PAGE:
This work is the last panel of a triptych based on the work of François Rabelais. It sets or ‘enacts’ a spoonerist alexandrine in French. In keeping with the French tradition of complex spoonerisms, which are something of a national pastime, the encoded version is ‘clean’ (‘que j’aim’ le vent qui siffle dans la flût’ de pan’) and its decoded version obscene (‘que qui s’enfle dans le flan: j’aim’ la vie de put[e]’). Spoonerisms are meant to be read (aloud or not), so the piece is a ‘performance’ of it in real time, gradually unfolding first the coded version (page 1), then a transition from the coded version to the uncoded one (page 2 and 3). Part 1 begins with a single syllable, adding one with each line until all twelve are present (but each line has two syllables not used in the previous line, and subtracts one). Page 2 reverses the process, and Page 3 begins it again until the uncoded version is revealed in full. The number of syllables in each line and in each section are thus regulated by triangular numbers and Fibonacci relationships. In addition, each syllable is set to a single pitch, a one-to-one relationship that is maintained throughout. (The resulting twelve-tone row is derived from a fragment in Boulez’s Pli selon pli.)

A historical precedent (in which learned and ludic are held in balance) might be proposed in Josquin’s motet Ut phoebi radiis, which also uses accretive processes focused on the syllable, whose effects have direct consequences for the interaction of text and music. However, the tension in this piece lies (in my view) in the way that the listener’s perception of these very basic, strict serial and combinative procedures co-exists alongside the markedly anarchic shifts of (textual) meaning to which they give rise. (Spoonerism is, after all, a form of combinatoriality.)

Larry Goves, Two from Dr Suss 

Dr Suss is a poem by Matthew Welton which responds to Simon Patterson’s lithograph The Great Bear. Patterson takes Henry C. Beck’s 1931 map of the London Underground and replaces all the stations’ names with proper nouns in thirteen categories (one for each underground train line). Welton alphabetises these nouns and groups them in thirteen sections; each sentence within each section is identical apart from a changing ‘Patterson’ noun and a descriptive word of his own.

Two from Dr Suss is part of an ongoing compositional response to this text which explores process as a tool for compositional variety, framework and engagement with performance practice. In Getting into the car… each sentence is set partially traditionally notated and partially governed by speech rhythm. For each repetition a spoken syllable is removed and replaced by either/or a note from the flute or cello. This process of transformation produces subtly unpredictable rhythmic variety, a negotiation between the performers for the identity for the spoken rhythm, informs the compositional actions and provides a structural framework for the rest of the piece. The second song adheres to my more usual approach to composition but affected by the processes in the first.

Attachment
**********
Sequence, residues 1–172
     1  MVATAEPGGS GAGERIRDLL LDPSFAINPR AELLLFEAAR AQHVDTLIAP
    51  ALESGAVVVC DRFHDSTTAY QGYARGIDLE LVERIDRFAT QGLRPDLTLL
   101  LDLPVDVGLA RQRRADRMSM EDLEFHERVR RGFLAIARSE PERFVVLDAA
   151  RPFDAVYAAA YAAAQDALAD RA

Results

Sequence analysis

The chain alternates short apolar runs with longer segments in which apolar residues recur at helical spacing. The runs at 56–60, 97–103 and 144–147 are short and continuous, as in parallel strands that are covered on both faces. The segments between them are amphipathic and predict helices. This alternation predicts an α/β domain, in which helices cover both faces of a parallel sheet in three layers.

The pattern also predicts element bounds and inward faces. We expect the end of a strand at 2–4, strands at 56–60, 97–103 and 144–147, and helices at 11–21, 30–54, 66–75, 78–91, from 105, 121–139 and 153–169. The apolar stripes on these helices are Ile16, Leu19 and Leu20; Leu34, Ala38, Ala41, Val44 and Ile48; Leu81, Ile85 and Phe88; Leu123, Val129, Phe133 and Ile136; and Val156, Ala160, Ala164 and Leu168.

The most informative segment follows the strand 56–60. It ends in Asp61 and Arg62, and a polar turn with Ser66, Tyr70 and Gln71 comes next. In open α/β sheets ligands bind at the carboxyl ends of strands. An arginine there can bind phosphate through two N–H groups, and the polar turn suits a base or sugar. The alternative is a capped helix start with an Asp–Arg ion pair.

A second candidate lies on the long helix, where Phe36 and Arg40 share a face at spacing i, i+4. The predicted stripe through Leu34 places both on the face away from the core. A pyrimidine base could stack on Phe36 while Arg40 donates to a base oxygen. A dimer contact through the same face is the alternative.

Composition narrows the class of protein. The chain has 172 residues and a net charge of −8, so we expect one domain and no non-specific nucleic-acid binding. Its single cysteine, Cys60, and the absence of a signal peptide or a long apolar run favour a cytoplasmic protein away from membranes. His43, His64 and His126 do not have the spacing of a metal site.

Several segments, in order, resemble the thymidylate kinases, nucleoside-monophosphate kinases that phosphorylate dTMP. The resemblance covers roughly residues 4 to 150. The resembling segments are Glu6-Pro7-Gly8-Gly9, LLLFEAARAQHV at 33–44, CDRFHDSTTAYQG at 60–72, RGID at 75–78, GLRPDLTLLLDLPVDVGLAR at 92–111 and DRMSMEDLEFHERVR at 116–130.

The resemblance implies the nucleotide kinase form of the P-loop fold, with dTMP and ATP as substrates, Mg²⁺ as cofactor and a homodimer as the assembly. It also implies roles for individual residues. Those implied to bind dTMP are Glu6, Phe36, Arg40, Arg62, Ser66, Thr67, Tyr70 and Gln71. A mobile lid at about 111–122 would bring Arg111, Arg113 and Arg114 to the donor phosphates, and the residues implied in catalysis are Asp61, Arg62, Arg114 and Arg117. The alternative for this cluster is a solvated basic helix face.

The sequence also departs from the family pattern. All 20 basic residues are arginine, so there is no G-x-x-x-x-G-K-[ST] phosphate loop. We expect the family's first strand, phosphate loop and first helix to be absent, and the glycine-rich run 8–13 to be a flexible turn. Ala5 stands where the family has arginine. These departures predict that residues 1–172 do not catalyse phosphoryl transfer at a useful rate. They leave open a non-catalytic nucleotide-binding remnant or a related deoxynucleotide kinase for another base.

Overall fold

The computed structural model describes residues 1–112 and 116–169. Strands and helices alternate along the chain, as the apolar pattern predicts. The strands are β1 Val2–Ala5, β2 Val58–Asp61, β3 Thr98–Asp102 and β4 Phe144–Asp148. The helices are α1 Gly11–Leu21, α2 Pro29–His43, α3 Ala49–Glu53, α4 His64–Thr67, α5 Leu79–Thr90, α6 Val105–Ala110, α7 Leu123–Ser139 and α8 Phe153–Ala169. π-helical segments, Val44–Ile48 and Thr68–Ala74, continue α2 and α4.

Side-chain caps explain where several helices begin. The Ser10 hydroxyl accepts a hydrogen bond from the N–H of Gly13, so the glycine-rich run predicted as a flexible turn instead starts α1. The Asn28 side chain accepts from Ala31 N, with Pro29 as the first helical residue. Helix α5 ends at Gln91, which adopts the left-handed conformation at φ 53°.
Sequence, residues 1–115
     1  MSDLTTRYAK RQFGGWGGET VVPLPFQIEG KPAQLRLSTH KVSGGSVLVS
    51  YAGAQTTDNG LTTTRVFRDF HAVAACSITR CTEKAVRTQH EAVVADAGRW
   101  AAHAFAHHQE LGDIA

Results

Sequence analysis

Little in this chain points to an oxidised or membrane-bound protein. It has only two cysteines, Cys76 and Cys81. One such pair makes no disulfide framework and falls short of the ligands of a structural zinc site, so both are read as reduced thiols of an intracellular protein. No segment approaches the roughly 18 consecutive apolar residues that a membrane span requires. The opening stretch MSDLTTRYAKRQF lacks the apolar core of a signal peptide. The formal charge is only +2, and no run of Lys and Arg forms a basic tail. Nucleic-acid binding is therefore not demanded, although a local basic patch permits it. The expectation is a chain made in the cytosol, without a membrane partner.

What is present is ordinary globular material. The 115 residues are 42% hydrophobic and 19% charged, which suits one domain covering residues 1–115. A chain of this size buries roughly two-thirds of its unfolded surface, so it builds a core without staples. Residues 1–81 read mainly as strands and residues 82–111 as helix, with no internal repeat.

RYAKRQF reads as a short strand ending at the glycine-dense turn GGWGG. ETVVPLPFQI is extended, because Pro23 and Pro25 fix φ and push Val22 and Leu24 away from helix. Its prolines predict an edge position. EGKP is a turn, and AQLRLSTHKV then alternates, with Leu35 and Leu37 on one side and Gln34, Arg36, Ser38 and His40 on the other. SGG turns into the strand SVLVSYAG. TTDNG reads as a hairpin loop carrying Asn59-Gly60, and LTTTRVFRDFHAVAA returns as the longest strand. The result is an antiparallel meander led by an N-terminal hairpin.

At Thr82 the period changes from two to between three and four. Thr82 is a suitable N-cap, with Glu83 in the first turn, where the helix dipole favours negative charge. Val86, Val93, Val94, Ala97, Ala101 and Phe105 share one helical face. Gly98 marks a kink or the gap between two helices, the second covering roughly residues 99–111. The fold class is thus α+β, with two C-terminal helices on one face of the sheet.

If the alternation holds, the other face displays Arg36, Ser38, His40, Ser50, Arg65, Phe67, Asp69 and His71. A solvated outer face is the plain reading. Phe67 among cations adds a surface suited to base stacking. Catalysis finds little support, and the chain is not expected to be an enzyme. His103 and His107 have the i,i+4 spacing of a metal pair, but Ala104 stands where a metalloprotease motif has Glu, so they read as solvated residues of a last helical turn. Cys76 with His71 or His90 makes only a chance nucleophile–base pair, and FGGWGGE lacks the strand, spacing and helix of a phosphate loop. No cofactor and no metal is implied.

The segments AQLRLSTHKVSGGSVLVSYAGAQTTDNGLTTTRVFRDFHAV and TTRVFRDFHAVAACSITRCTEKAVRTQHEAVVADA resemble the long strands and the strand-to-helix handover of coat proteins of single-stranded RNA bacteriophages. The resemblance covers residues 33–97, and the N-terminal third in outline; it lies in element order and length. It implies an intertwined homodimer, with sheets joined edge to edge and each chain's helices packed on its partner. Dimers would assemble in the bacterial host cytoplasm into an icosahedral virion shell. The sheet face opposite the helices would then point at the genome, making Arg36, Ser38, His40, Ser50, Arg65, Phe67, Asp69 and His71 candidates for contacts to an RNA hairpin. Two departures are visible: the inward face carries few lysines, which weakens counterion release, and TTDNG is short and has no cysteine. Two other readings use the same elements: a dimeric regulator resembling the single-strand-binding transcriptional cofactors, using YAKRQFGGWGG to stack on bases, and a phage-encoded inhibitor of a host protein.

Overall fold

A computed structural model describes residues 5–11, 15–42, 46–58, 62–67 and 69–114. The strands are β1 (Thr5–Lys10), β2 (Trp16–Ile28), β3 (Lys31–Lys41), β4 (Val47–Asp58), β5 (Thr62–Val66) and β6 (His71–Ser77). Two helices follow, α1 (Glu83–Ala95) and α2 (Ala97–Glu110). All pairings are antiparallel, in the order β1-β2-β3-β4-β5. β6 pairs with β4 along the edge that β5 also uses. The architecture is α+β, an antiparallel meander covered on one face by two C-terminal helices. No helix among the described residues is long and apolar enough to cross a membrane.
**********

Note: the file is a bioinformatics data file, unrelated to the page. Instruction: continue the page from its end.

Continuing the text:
Richard Glover, Logical Harmonies (1) and (2) (2010) for solo piano

These two short piano pieces present an example of simple audible processes: the chords of the circle of fifths are played unison in both hands, after which one hand phases the progression by one chord at a time until returning back to unison with the other hand. Logical Harmonies (1) phases the right hand, (2) the left. These pieces came out of obsessions with the idea of non-arbitrary composition; an unattainable ideal, but one in which as few decisions are made in the construction process. I have discussed elsewhere that, if I feel a process is right, then it needs no interference from me; these two pieces best represent that notion within my overall compositional output. The pieces are also designed to take full advantage of what I deem the clarity of the piano to be; I would articulate what is meant by this, and how the register, dynamic, and notational design support this idea.

Steve Gisby, Fragmented Melodies

Fragmented Melodies (2014) is the latest composition as part of my interest in catalogue pieces. The piece combines processes of both pitch and rhythm, working through all seventy permutations of a bisected duration: eight beats, constructed of four played beats and four silent beats. The rhythmic patterns appear in a reverse binary sequence, beginning with 11110000 and ending with 00001111. Pitches are assigned to specific beats, which are then heard or not heard, depending on the rhythmic patterns.